Presentation Title

Characterization of Type II Diabetes through biomedical data fusion

Advisor Information

Hesham Ali

Location

UNO Criss Library, Room 112

Presentation Type

Oral Presentation

Start Date

6-3-2015 1:00 PM

End Date

6-3-2015 1:15 PM

Abstract

Recent advancements in biomedical engineering has resulted in an impressive collection of biomedical instruments. This, in turn, has led to the ability to generate incredible amount of “big” biomedical data with huge volume and high levels of heterogeneity and veracity. The lack of advanced data integrating and analytics tools has been limiting our ability to take full-advantage of the massive amount of raw data currently available. This shortcomings is particularly exemplified by the naïve integration procedures implemented in protein-protein interaction (PPI) networks. Traditionally, PPI networks are created from a single source, usually literature mining. We propose a data fusion approach to integrate multiple sources through data fusion techniques. Our proposed approach is based on the need for an in-depth understanding of the data sources and interrelationship between the biological elements abstained from each source, in addition to increasing the specificity in which the PPI networks are constructed. Toward that goal, we compare the knowledge overlap and enrichment between protein-protein databases, microarray data, and gene-ontology relationships. In analyzing the results, the most prominent theme discovered was the exclusivity that each source contributed, even among the various PPI databases. We then implemented a data fusion algorithm which incorporates the inherent domain knowledge within each source. The obtained results show that the networks obtained from the proposed algorithm carry more biological significant knowledge and have higher signal to noise ratios.

This document is currently not available here.

COinS
 
Mar 6th, 1:00 PM Mar 6th, 1:15 PM

Characterization of Type II Diabetes through biomedical data fusion

UNO Criss Library, Room 112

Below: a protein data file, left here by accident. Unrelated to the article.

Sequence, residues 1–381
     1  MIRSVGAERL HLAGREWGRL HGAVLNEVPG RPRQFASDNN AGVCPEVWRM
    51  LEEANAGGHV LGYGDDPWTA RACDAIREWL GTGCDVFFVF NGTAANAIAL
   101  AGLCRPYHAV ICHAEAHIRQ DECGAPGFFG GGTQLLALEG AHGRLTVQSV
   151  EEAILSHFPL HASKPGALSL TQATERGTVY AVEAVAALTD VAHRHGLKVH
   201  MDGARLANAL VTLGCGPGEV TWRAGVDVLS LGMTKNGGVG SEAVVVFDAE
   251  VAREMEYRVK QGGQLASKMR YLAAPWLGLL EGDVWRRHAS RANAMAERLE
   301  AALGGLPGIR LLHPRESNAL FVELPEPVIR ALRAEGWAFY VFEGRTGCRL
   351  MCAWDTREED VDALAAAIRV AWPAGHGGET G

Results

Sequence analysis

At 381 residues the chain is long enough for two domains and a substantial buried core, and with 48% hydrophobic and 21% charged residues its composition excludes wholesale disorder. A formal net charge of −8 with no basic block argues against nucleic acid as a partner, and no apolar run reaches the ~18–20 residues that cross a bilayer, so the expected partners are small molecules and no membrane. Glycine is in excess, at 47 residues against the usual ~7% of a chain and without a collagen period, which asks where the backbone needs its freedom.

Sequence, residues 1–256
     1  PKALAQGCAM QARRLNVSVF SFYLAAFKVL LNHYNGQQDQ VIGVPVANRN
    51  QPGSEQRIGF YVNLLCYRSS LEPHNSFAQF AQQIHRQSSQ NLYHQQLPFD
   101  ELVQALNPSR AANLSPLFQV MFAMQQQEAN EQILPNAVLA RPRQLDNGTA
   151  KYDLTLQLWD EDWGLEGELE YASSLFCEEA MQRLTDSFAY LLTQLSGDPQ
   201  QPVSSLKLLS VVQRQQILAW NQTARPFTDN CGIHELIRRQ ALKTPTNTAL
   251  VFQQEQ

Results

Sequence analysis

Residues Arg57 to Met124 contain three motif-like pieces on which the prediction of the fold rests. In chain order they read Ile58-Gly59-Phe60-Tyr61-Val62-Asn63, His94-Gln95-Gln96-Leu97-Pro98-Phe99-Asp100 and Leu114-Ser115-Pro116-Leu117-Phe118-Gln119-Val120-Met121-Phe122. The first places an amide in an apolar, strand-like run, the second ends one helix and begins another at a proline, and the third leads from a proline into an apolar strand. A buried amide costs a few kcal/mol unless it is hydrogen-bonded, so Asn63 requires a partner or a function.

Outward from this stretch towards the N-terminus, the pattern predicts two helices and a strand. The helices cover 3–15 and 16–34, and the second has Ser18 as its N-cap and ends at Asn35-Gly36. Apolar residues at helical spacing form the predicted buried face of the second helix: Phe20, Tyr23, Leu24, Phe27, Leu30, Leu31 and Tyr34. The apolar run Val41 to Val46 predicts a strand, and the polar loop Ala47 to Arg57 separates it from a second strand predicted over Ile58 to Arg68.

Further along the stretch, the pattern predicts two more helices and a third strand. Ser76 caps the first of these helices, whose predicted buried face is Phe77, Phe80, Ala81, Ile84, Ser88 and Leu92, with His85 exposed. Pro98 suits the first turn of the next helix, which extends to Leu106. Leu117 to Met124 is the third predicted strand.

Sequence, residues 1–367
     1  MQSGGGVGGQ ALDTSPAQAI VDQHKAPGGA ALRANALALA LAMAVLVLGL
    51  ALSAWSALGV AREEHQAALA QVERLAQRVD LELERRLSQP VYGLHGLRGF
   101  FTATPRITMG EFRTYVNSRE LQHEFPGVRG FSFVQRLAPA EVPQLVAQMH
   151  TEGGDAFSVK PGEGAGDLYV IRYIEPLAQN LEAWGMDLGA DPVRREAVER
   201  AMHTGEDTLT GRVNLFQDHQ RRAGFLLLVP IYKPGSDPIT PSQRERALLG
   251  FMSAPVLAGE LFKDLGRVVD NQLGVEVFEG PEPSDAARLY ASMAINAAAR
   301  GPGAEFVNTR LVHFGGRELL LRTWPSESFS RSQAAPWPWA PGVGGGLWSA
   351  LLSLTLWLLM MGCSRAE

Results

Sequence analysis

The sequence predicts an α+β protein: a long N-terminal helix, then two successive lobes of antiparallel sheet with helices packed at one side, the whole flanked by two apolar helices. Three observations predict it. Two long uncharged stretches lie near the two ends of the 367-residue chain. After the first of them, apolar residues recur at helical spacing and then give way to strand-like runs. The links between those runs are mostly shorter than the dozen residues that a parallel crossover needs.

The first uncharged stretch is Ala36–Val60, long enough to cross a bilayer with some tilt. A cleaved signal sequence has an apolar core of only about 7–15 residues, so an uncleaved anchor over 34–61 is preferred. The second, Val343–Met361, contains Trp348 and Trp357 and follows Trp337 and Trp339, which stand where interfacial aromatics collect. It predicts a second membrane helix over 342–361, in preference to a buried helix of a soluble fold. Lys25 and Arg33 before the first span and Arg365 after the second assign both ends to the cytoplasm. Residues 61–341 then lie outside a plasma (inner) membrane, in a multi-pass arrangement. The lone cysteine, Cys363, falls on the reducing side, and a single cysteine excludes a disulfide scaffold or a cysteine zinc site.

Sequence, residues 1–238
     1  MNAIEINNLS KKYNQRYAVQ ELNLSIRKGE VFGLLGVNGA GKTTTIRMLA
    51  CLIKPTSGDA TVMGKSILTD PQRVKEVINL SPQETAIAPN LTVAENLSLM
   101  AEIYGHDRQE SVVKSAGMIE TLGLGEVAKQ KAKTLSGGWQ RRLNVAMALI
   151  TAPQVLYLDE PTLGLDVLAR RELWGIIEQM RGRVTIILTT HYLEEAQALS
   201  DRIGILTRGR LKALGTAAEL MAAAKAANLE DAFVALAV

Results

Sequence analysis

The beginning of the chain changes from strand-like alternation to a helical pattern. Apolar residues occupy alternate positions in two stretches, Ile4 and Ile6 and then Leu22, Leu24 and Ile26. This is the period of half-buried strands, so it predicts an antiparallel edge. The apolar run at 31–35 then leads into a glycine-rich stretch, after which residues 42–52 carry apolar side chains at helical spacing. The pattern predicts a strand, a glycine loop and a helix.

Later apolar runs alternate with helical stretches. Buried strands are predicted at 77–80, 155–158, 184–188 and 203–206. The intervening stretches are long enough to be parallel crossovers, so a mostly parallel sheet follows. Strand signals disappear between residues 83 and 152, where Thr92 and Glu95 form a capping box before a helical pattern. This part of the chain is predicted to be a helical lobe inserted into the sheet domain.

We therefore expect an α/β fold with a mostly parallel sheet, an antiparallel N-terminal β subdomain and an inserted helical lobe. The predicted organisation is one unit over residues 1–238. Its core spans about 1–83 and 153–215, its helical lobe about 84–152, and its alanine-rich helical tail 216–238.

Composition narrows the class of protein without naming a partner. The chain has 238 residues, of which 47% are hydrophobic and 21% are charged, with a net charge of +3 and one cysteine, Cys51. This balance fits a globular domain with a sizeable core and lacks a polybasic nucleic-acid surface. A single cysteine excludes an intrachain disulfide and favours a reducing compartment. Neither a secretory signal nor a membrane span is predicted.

Recent advancements in biomedical engineering has resulted in an impressive collection of biomedical instruments. This, in turn, has led to the ability to generate incredible amount of “big” biomedical data with huge volume and high levels of heterogeneity and veracity. The lack of advanced data integrating and analytics tools has been limiting our ability to take full-advantage of the massive amount of raw data currently available. This shortcomings is particularly exemplified by the naïve integration procedures implemented in protein-protein interaction (PPI) networks. Traditionally, PPI networks are created from a single source, usually literature mining. We propose a data fusion approach to integrate multiple sources through data fusion techniques. Our proposed approach is based on the need for an in-depth understanding of the data sources and interrelationship between the biological elements abstained from each source, in addition to increasing the specificity in which the PPI networks are constructed. Toward that goal, we compare the knowledge overlap and enrichment between protein-protein databases, microarray data, and gene-ontology relationships. In analyzing the results, the most prominent theme discovered was the exclusivity that each source contributed, even among the various PPI databases. We then implemented a data fusion algorithm which incorporates the inherent domain knowledge within each source. The obtained results show that the networks obtained from the proposed algorithm carry more biological significant knowledge and have higher signal to noise ratios.